We use cookies to give you a better experience. Carry on browsing if you're happy with this, or read our cookies policy for more information.

Skip main navigation

Ultra-high temperature processing and freezing

Article on freezing and ultra high temperature processing.
© EIT Food
You’ve now seen how and why milk is homogenised. Let’s look at another milk processing technique – UHT – and a common way of preserving fresh vegetables – freezing.

Ultra-high temperature processing

Ultra-high temperature processing (UHT) is a food processing technology that sterilizes liquid food, most commonly milk, by heating it above 135 °C over a very short time period – only two to five seconds – to kill microbial spores. UHT milk was first developed in the 1960s and became widely available in the 1970s. A drawback of UHT processing is that the ultra-high temperature can cause browning and change the taste and smell of the milk. However, the process can be optimised to minimise these potential problems or UHT milk can be used as the base for flavoured or coloured milk products which mask these issues. If left sealed, UHT milk packaged in a sterile container has a typical unrefrigerated shelf life of six to nine months, which is a huge gain over pasteurised ‘fresh’ milks. It is perhaps unsurprising that UHT milk is generally more popular in hotter countries where the costs of refrigeration are more significant barriers to the consumption of ‘fresh’ milk. There are quite different attitudes to UHT milk throughout Europe, with its consumption being very common in some countries (like Belgium, France, Portugal and Spain), yet very rare in others (like Denmark, Greece, Ireland, Norway, Sweden and UK).

Freezing

Why are frozen peas so popular? The sugars in peas turn into starch as soon as they are picked and after as little as one day, they can become grainy and dull tasting. Frozen peas are picked and frozen at the peak of ripeness and immediately flash frozen, halting the process of sugars turning to starch. Frozen peas are more likely to arrive at our kitchens fresher and better tasting than those that are freshly picked.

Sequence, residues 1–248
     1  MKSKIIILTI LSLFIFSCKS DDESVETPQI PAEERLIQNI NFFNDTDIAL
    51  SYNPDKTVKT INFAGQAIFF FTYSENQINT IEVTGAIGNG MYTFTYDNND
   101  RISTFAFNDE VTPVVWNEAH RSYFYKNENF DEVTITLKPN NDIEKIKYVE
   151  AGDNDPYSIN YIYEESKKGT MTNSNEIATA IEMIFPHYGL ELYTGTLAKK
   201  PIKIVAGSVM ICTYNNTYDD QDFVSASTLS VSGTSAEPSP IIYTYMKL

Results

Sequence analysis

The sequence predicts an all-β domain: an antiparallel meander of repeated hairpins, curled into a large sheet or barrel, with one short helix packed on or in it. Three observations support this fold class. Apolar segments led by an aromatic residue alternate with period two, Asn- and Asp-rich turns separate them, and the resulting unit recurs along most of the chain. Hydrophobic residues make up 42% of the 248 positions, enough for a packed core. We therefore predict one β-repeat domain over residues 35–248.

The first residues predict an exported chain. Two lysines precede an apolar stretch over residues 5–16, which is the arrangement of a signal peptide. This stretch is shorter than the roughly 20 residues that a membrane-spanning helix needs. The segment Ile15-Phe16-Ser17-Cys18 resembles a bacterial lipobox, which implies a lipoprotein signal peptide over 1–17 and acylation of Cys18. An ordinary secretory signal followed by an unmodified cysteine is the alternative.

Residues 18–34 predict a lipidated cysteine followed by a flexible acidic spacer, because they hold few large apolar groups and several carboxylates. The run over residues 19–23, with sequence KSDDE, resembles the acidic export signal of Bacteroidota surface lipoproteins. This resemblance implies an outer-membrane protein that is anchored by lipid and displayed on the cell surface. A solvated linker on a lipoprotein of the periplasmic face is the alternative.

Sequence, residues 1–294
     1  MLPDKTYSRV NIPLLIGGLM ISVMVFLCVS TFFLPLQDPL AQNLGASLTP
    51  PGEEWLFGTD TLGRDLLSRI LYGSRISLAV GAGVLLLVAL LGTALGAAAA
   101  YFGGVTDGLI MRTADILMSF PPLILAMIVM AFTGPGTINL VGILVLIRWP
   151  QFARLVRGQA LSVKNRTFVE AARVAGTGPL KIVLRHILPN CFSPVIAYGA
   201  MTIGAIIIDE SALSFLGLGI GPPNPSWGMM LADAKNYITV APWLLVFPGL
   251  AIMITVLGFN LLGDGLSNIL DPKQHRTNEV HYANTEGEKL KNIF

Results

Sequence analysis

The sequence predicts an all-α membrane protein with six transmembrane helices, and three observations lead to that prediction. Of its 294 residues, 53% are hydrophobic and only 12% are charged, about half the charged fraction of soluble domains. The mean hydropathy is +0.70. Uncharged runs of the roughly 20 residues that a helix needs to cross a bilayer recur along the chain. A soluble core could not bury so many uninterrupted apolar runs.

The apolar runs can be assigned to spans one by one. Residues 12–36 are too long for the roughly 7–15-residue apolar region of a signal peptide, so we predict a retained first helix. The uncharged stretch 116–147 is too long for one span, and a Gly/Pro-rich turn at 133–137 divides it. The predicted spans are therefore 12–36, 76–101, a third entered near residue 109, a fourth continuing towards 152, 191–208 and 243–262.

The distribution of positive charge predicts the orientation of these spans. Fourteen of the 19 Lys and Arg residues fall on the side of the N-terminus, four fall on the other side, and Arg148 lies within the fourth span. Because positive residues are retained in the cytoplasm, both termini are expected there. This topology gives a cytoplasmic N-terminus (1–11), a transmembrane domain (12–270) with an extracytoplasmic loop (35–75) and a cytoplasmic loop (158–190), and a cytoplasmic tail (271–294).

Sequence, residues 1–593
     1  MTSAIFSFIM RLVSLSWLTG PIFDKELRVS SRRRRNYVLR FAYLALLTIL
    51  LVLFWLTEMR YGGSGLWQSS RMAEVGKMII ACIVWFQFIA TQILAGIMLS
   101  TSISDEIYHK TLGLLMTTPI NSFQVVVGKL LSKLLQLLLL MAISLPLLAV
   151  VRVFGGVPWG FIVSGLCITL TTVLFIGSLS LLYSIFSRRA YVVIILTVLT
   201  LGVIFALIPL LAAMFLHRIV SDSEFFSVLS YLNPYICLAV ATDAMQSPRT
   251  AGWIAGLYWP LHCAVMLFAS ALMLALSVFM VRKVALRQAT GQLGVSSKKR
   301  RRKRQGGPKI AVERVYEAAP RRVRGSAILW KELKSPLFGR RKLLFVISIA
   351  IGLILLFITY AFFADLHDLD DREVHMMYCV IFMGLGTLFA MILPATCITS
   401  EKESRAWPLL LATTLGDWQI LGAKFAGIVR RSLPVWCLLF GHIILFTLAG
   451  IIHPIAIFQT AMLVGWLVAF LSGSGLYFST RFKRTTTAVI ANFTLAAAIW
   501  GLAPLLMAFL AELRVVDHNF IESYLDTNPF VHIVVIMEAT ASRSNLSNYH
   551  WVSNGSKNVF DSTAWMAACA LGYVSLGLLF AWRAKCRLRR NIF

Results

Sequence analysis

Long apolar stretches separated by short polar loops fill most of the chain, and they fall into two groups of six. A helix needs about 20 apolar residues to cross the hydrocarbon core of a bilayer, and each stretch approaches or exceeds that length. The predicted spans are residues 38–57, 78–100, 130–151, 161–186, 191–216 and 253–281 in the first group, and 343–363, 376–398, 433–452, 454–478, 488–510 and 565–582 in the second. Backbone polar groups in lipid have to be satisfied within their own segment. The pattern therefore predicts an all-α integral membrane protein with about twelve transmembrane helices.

the process for packaging frozen peas consisting of 6 illustrated steps: picking (hand picking pea pod), grading and sorting (pod opening to release peas), washing (peas with water droplets), blanching (two industrial heating chambers, one with a fire on and an arrow indicating transfer to another with a snowflake on), packaging (bag of peas), freezing (bag of peas with snowflake symbol and a blue thermometer
The process for producing frozen peas. ©EUFIC Source
© EIT Food
This article is from the free online

How Food is Made. Understanding Food Processing Technologies

Created by
FutureLearn - Learning For Life

Our purpose is to transform access to education.

We offer a diverse selection of courses from leading universities and cultural institutions from around the world. These are delivered one step at a time, and are accessible on mobile, tablet and desktop, so you can fit learning around your life.

We believe learning should be an enjoyable, social experience, so our courses offer the opportunity to discuss what you’re learning with others as you go, helping you make fresh discoveries and form new ideas.
You can unlock new opportunities with unlimited access to hundreds of online short courses for a year by subscribing to our Unlimited package. Build your knowledge with top universities and organisations.

Learn more about how FutureLearn is transforming access to education